Having found a violation of the Appointments Clause, the Federal Circuit had to determine the appropriate remedy. In this particular case – in which an adverse final written decision had been issued against a patent owned by Arthrex – the Federal Circuit held that the final written decision rendered by the unconstitutionally appointed APJs must be remanded to the PTAB for a new oral argument before a new, constitutionally appointed APJ panel of the PTAB. The Federal Circuit then fashioned a remedy to address the violation of the Appointments Clause by severing and invalidating the statutory limitation on the removal of the APJs.  The Federal Circuit reasoned that the invalidation of the removal limitation made the APJs inferior officers, because they became subject to more effective oversight and could be constitutionally appointed by the Secretary of Commerce in consultation with the Director of the USPTO. Accordingly, the Federal Circuit held that each case which had timely raised an Appointments Clause challenge was entitled to a remand.

A bitterly divided Federal Circuit denied rehearing en banc for Arthrex in March 2020. 953 F.3d 760, 761 (Fed. Cir. 2020). Judges Kimberly A. Moore and Kathleen M. O’Malley concurred in the denial of rehearing en banc, variously joined by each other and Judges Jimmie V. Reyna and Raymond T. Chen. Judges Timothy B. Dyk, Todd M. Hughes, and Evan J. Wallach each wrote dissenting opinions, and variously were joined by each other and Judge Pauline Newman. Notably, Chief Judge Sharon Prost and Judges Kara Farnandez Stoll, Richard G. Taranto, and Alan D. Lourie did not join any of the concurrences or dissents, or otherwise publicly indicate their vote on rehearing.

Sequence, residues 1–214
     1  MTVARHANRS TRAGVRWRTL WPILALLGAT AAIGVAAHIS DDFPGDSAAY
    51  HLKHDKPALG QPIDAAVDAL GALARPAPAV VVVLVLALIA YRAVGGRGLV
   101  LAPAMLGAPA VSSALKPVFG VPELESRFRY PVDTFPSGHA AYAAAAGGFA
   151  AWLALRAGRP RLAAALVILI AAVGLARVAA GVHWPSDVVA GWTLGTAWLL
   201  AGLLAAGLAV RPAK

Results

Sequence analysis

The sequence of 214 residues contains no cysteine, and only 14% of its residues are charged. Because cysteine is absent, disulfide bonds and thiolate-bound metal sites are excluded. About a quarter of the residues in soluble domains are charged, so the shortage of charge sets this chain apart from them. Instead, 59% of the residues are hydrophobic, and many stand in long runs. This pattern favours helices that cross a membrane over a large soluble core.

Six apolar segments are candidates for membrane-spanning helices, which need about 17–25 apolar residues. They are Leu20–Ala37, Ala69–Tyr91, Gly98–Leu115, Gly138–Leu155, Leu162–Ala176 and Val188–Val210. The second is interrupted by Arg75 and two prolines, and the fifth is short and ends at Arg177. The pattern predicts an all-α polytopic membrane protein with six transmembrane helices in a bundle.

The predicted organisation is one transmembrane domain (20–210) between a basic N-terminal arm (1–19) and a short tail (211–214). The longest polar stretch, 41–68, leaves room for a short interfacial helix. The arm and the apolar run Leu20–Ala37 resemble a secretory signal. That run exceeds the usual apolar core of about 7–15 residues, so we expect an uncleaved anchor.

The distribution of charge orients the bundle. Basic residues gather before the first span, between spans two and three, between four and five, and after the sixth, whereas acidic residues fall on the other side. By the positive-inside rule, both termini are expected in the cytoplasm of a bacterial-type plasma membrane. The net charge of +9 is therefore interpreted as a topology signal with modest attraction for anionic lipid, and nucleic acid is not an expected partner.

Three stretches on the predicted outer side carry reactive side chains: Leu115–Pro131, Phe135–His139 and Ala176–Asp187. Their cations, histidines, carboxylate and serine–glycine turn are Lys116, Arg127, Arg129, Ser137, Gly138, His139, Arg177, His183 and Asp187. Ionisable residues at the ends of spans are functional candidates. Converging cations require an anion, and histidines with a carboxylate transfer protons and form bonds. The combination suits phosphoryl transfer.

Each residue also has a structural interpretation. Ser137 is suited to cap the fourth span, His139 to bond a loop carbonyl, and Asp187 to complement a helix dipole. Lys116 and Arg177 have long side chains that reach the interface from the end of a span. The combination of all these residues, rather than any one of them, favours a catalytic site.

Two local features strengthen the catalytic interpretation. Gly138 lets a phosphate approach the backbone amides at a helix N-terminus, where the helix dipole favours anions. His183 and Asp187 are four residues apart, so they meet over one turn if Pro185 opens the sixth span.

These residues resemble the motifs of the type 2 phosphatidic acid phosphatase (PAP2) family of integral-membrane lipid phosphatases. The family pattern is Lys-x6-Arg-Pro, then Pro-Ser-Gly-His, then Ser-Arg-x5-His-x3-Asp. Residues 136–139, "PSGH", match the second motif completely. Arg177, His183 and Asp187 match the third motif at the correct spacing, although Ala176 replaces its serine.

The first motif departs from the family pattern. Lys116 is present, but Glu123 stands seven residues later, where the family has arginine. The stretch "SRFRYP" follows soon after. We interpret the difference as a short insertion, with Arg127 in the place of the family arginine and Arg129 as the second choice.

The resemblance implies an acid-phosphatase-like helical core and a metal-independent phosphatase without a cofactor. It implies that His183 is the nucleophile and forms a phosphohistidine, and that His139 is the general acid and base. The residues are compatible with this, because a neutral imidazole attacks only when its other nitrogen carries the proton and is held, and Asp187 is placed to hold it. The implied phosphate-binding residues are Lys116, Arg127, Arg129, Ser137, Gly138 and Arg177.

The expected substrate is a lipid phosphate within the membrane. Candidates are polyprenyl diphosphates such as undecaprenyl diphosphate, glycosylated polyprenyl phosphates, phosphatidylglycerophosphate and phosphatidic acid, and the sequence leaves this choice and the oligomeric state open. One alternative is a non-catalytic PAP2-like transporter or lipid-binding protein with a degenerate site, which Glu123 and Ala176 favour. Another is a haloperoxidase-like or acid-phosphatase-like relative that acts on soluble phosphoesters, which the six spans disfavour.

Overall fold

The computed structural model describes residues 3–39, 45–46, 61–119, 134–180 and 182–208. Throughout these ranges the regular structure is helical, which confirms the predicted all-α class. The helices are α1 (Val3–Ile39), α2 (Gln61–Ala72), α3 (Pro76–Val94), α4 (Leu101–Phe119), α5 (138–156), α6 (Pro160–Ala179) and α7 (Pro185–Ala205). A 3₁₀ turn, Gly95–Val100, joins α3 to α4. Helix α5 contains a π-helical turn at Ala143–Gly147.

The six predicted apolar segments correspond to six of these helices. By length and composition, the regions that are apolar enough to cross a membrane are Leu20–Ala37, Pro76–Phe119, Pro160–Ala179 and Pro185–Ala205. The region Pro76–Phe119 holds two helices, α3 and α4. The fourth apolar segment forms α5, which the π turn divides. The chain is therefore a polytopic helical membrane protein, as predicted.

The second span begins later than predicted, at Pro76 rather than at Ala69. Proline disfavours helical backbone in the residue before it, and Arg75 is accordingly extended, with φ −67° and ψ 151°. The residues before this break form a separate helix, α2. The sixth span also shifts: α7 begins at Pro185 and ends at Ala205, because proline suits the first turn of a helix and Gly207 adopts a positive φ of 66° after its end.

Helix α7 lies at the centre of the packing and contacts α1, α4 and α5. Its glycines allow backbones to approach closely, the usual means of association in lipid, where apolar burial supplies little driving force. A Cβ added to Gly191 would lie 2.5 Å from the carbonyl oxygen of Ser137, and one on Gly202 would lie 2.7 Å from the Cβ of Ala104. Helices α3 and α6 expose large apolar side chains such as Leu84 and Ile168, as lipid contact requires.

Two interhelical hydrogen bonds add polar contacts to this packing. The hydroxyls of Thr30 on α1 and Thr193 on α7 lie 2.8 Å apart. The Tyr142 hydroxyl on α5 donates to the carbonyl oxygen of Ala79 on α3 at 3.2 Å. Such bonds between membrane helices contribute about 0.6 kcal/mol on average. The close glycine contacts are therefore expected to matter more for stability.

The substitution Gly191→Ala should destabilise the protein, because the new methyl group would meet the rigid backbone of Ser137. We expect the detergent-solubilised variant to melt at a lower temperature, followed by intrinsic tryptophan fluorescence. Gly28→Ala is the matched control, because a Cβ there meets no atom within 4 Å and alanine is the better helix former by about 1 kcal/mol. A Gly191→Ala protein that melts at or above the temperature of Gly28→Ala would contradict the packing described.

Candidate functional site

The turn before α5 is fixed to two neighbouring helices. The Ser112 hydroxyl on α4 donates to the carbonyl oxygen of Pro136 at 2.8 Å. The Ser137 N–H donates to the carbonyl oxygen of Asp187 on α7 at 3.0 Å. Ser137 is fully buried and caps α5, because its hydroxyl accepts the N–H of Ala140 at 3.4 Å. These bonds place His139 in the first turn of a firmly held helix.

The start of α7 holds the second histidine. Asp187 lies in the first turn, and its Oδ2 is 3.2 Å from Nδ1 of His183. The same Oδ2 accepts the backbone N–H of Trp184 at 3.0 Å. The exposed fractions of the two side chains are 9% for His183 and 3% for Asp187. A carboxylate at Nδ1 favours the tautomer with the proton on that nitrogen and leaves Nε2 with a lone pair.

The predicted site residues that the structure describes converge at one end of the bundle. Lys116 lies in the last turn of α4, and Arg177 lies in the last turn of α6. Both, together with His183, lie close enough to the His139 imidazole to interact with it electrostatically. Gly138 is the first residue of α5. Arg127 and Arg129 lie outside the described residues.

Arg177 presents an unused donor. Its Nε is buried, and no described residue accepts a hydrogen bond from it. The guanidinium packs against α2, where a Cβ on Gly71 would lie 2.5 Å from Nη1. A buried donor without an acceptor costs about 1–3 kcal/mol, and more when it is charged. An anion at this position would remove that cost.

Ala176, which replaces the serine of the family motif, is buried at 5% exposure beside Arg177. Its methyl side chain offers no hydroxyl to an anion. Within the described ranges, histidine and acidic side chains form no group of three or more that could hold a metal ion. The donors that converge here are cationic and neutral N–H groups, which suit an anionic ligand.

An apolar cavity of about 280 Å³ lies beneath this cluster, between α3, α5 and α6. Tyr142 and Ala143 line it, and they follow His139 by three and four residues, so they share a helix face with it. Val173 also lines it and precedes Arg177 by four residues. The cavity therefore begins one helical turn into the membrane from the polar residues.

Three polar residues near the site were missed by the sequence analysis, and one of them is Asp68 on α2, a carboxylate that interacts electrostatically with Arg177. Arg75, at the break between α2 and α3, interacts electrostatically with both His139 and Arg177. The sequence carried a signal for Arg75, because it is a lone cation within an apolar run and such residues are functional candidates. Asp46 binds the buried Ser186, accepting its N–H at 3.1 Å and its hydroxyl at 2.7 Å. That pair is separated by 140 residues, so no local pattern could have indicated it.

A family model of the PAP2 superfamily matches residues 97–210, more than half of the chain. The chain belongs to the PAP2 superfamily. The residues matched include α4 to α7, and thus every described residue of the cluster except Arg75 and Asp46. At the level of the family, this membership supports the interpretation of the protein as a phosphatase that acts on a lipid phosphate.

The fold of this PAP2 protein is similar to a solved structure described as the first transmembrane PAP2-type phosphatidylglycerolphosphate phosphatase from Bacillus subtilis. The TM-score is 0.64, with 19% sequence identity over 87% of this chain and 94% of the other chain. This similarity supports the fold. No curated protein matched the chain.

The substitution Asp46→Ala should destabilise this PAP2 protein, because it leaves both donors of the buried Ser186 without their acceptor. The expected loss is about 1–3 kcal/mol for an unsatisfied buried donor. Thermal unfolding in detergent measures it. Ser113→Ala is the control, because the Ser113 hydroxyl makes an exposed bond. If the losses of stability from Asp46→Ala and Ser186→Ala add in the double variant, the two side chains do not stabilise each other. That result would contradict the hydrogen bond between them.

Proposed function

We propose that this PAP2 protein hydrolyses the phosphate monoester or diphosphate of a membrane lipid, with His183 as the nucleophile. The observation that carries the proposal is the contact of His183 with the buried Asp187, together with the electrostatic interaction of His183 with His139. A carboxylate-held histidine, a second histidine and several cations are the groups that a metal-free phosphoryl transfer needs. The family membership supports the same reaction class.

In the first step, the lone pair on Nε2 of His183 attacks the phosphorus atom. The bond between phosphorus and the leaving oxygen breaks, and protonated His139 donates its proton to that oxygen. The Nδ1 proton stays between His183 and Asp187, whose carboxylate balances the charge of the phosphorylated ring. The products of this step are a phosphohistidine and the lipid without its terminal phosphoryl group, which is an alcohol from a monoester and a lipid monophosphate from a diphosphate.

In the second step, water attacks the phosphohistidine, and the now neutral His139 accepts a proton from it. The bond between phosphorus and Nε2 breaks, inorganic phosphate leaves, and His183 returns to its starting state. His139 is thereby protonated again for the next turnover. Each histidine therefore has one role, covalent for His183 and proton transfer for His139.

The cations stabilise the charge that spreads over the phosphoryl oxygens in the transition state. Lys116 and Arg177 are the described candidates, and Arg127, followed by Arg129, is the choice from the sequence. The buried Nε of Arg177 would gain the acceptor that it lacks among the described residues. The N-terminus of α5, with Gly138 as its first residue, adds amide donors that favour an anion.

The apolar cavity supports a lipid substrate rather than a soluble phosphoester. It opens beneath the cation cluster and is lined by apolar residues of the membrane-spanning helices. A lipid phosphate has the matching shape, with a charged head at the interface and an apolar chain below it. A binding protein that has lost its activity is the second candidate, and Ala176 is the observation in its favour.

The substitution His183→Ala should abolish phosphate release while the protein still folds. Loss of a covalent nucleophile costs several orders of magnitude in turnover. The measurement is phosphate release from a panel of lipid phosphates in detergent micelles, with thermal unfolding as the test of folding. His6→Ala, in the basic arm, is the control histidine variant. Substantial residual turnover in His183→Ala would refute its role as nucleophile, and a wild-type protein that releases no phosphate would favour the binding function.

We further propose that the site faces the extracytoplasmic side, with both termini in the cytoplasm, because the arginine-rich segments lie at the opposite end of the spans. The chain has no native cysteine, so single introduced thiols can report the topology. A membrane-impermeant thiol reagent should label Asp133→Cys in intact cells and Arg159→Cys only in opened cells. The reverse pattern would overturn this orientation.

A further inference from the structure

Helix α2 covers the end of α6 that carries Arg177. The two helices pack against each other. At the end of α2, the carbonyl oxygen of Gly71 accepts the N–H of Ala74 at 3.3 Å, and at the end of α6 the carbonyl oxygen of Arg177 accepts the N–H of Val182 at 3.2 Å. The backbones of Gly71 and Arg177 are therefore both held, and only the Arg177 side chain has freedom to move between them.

All parties seek Supreme Court review

Each party has filed a petition for a writ of certiorari to the United States Supreme Court since all parties failed to prevail in certain respects.  Arthrex, the patent owner, agreed that the appointment of the APJs was unconstitutional, but advocated in its certiorari petition that the entire statutory IPR scheme should be stricken – rather than just the limitation on APJ removal – such that the only remedy was for Congress to rewrite the statute with a constitutional appointment scheme (if at all).  Conversely, Smith & Nephew, the USPTO, and the US government all argued that the Federal Circuit erred in finding a violation of the Appointments Clause. All three parties assert that the APJ appointments were constitutional, since the APJs are inferior officers, and that Arthrex had forfeited its Appointments Clause challenge in any case.